Many organisations haven't realised that looking after virtual machines requires a different approach to looking after physical ones — and doing so may actually create more work for than not using virtualisation, according to Veeam technical director, APAC, Charles Clarke.
Clarke pointed out that even though virtualisation, on the surface, appears to cut down on the number of servers that need to be managed, the reality is that there are actually several more servers — they just don't exist physically.
"A question I often ask customers is, 'So you're virtualised. Do you have more servers to worry about or less servers to worry about?' It's always more," Clarke said in an interview with ZDNet at VMware's vForum 2012.
And although the additional servers might be virtualised, Clarke said that many organisations are creating problems for themselves by treating them like physical ones.
"They're still looking at a management layer, and often that security layer the old way. We talk to customers that are still deploying agents inside every VM and then for antivirus, for backup, for data protection, for anything. Not only is the virtualisation layer having to carry the weight from a performance perspective, but the organisation as a whole is creating this huge management hangover that it never really had to worry about in the physical days."
Management issues aside, Clarke also pointed out that the organisations could significantly impact any cost saving that they might achieve through virtualisation, or even increase their costs.
"It's very expensive, because they're having to license each agent and each component of each agent individually. Then [they realise] they're creating security and availability risks by not having a process in place that successfully manages new services [and] successfully decommissions old services [that] no longer exist on a day to day basis."
With regards to security, Clarke said that IT's job of protecting the end point is significantly harder, considering how easy it is to spin up a virtual machine.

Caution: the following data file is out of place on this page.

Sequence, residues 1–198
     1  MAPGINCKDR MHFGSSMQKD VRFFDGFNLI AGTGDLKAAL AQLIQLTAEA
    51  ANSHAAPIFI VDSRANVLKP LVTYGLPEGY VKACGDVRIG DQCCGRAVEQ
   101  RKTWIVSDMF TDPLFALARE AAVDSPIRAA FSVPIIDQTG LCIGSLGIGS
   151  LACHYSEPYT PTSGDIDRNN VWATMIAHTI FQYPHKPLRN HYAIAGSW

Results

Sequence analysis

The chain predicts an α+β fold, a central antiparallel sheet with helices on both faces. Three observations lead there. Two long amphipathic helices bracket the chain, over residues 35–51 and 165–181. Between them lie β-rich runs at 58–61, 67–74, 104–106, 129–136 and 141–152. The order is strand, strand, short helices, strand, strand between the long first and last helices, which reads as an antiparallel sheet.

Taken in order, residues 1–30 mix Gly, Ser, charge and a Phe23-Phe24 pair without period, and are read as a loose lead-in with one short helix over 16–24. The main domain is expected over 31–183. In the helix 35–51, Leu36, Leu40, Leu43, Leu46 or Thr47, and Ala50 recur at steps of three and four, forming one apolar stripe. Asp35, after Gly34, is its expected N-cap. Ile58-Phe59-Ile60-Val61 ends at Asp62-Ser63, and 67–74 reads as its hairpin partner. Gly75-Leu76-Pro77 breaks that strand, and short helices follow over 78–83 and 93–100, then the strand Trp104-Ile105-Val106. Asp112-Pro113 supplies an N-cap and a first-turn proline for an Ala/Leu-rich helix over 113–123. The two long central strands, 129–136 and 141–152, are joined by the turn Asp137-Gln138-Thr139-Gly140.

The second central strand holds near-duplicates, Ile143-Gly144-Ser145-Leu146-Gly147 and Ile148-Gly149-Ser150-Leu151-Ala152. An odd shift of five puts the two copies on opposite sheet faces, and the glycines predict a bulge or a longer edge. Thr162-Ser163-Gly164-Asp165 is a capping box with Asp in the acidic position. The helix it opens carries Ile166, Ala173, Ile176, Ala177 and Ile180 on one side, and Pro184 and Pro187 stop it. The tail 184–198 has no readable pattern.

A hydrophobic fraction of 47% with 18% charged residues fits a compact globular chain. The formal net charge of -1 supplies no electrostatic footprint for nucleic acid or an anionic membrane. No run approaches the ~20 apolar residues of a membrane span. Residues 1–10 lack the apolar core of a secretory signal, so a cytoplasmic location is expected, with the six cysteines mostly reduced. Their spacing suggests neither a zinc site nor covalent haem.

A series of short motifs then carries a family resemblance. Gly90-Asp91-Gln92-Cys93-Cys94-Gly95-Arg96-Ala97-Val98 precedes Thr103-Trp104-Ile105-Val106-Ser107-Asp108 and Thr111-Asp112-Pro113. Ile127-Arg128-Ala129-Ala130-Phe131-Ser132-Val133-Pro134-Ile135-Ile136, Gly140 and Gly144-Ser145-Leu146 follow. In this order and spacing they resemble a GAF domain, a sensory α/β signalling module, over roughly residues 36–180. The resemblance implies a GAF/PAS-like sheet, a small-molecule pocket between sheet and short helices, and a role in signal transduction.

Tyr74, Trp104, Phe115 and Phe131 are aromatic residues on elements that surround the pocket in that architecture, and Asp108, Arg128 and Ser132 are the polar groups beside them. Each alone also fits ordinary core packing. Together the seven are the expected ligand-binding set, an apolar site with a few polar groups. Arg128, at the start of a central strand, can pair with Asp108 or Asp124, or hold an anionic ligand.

"Brand-new machines, brand-new services spin up, [but] nobody tells the security team, nobody tells the backup team, and then all of a sudden there's an exposure there that they've created without even realising it," he said.
"They certainly need to ensure that they're not creating entry points" for hackers.
Clarke pointed to better workflows, processes, and management tools as a means to help track and manage virtual machines, but did admit that on the security front, there are risks that administrators should be aware of.
"Virtualisation presents a single point of breach if, potentially, a rogue virtual machine can be spun up in there, [but] it also presents a single point of protection. If firewalling and antivirus and all those other things are able to wrap entirely around the virtualised environment, then you can build that into multiple layers. I think there's a risk in having all your eggs in one basket, but if I can pad that basket with all sorts of bubble wrap and all sorts of good stuff, then it's a little easier than trying to deal with all the eggs individually."
Veeam's own products, which focus on data backups and virtualisation management, do offer encryption for data in transit, but Clarke acknowledged that backups at rest, which may be stored on Amazon, Windows Azure, VMware Cloud, or any number of cloud providers that it works closely with, aren't encrypted, and rely on the trust that the end users places in the provider.
Clarke isn't aware of any plans for Veeam to provide encryption at rest, but indicated that at the moment, Australian customers don't consider their data to be insecure, even when stored in the US and with such issues as the Patriot Act.
"I'm not 100 percent sure that the marketplace and our customer base is ready to make that kind of decision [to require encryption at rest in foreign clouds]. They'll either want it in Australia, or they'll be happy enough to say, 'You know what? It's in the US, I trust it, that's fine.'"